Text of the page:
be injected in 0.3 - 0.5ml. aliquots of 1:10,000, but a safer
umbilical arterio-venous CO2 difference, suggesting an
technique is controlled infusion of a more dilute solution
increase in fetal metabolic rate by direct beta-adrenergic
e.g. 1:20,000
stimulation(33). Ephedrine readily crosses the placenta
and fetal blood concentrations are approximately 70% Conclusion
of maternal. This has been associated with an increase in There is no doubt that avoiding maternal hypotension,
fetal heart rate and beat-to-beat variability(34). Excessive following spinal anaesthesia for caesarean section, is
administration is also associated with serious maternal important for the well being of the mother and fetus.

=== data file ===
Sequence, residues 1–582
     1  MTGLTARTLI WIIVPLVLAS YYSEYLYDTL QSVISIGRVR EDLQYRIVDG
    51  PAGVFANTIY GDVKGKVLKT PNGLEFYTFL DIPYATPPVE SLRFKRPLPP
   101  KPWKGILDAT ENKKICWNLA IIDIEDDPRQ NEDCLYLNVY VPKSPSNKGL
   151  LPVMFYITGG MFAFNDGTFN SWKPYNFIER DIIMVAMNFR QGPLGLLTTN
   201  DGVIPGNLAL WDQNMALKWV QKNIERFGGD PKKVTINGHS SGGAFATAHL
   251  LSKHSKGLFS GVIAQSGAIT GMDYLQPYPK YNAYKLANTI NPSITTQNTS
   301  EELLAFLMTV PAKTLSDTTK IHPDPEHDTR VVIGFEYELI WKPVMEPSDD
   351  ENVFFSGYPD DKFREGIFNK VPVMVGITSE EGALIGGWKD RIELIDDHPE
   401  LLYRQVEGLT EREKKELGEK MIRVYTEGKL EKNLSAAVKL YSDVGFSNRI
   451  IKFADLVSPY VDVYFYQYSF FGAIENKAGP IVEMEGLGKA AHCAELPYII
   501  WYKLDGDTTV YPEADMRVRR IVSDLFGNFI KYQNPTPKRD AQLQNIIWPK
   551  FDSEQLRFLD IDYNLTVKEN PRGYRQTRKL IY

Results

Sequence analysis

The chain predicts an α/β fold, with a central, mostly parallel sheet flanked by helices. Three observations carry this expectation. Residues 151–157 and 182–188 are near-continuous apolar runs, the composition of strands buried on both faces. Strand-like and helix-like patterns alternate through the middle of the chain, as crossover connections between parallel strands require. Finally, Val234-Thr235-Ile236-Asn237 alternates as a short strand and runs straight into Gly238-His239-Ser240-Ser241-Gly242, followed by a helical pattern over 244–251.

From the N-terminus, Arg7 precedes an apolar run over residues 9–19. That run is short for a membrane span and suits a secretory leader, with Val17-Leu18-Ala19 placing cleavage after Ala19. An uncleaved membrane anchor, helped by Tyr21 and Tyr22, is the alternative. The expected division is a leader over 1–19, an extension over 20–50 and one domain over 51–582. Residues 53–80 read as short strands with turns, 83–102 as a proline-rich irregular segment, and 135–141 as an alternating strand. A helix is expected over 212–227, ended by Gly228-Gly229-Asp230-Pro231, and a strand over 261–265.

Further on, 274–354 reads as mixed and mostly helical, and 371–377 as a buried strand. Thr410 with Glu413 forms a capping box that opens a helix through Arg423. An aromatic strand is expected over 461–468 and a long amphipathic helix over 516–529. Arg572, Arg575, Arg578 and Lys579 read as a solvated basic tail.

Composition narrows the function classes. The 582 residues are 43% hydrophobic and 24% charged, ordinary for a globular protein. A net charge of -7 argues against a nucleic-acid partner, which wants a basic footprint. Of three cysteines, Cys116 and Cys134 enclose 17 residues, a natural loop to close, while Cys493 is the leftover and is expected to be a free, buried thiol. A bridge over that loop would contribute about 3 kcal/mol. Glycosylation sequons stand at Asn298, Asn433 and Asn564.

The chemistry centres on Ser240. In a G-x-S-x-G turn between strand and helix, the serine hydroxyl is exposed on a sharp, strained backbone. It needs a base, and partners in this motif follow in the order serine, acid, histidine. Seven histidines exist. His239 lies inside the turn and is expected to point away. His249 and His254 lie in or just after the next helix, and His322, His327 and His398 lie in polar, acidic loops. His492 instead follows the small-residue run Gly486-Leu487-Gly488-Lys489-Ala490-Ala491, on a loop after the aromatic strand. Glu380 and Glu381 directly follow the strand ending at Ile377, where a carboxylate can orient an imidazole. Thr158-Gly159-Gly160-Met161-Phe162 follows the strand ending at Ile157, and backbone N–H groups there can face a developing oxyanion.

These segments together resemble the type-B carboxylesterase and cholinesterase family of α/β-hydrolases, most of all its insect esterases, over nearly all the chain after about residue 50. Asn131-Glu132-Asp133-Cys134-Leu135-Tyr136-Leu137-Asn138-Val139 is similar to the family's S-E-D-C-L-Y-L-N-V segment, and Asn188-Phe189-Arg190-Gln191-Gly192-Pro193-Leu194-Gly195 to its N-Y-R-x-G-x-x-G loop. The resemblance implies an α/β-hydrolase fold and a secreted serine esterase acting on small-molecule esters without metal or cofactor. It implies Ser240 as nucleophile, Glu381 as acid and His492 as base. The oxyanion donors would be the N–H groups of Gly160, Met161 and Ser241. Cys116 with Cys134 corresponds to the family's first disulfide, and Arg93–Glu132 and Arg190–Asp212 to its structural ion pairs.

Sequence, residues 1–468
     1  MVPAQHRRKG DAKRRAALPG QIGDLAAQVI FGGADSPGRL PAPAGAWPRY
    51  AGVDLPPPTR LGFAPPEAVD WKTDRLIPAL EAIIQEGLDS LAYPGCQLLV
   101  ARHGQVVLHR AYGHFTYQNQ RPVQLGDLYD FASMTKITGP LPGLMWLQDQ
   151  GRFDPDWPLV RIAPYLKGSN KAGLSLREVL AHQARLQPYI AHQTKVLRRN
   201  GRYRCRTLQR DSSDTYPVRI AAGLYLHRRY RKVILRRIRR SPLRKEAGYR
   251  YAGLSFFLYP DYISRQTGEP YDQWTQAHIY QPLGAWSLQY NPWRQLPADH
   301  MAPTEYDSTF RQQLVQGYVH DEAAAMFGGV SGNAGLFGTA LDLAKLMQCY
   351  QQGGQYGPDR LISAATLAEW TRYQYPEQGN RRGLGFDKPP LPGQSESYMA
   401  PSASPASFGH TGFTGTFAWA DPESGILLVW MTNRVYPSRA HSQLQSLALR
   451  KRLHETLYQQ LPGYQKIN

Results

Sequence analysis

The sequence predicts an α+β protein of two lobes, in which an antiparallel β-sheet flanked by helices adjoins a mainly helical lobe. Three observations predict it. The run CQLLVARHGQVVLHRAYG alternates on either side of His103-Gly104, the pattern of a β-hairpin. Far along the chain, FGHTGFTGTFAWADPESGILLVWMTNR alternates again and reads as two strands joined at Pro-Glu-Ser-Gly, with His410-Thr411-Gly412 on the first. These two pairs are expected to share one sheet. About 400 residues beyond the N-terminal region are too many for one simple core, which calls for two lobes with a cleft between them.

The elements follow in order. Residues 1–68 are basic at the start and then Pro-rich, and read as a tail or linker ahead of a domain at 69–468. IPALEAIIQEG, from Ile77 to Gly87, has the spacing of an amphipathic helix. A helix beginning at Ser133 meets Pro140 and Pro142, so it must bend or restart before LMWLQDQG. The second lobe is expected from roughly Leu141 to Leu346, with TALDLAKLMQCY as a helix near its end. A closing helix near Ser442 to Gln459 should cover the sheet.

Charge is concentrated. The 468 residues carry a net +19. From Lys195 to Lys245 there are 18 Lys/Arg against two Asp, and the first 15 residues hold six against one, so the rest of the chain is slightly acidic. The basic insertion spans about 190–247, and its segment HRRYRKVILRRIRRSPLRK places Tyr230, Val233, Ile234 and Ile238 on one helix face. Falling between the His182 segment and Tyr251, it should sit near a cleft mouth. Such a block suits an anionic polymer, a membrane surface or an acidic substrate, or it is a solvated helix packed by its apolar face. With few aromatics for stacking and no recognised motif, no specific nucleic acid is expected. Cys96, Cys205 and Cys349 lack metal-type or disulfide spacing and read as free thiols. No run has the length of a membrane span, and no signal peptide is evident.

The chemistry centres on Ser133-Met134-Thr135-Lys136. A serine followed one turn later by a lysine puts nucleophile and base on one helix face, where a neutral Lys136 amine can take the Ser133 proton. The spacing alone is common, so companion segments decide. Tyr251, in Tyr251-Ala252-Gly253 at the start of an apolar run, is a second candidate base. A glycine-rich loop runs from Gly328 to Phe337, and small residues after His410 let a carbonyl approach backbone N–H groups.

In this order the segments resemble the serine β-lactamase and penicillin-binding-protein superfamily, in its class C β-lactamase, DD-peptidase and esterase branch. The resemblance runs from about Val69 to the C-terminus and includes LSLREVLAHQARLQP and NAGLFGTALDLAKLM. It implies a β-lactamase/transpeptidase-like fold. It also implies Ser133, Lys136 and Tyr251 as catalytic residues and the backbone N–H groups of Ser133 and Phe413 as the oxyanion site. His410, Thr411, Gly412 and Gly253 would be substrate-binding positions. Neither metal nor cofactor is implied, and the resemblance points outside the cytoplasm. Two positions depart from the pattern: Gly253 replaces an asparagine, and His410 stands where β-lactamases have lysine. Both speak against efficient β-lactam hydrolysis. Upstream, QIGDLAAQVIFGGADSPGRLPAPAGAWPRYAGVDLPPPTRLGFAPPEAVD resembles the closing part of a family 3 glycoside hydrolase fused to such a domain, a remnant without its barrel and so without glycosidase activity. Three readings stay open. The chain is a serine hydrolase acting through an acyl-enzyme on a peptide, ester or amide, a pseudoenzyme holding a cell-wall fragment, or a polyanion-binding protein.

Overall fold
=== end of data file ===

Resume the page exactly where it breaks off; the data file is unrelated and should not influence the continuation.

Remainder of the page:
cardiac arrhythmias particularly in the presence of a high
The patient should be placed in the lateral position while
spinal block and increased vagal tone.
establishing the block and returned to a left lateral tilt
Update in Anaesthesia 5

position (using a wedge in preference to lateral table tilt) used to maintain an adequate maternal blood pressure and
for surgery. Although there is little evidence for the use uteroplacental perfusion following spinal anaesthesia. The
of an intravenous pre-load, an infusion of 1,000mls of choice is frequently made on the grounds of the maternal
crystalloid may be given either before administering the heart rate - those with a tachycardia are given phenylephrine
spinal or while waiting for the block to be established. or metaraminol, and those in whom the pulse is less than
60/min., ephedrine. Some regard ephedrine as the safer
Blood pressure should be monitored at regular and
agent as it is the one with which we are most familiar and,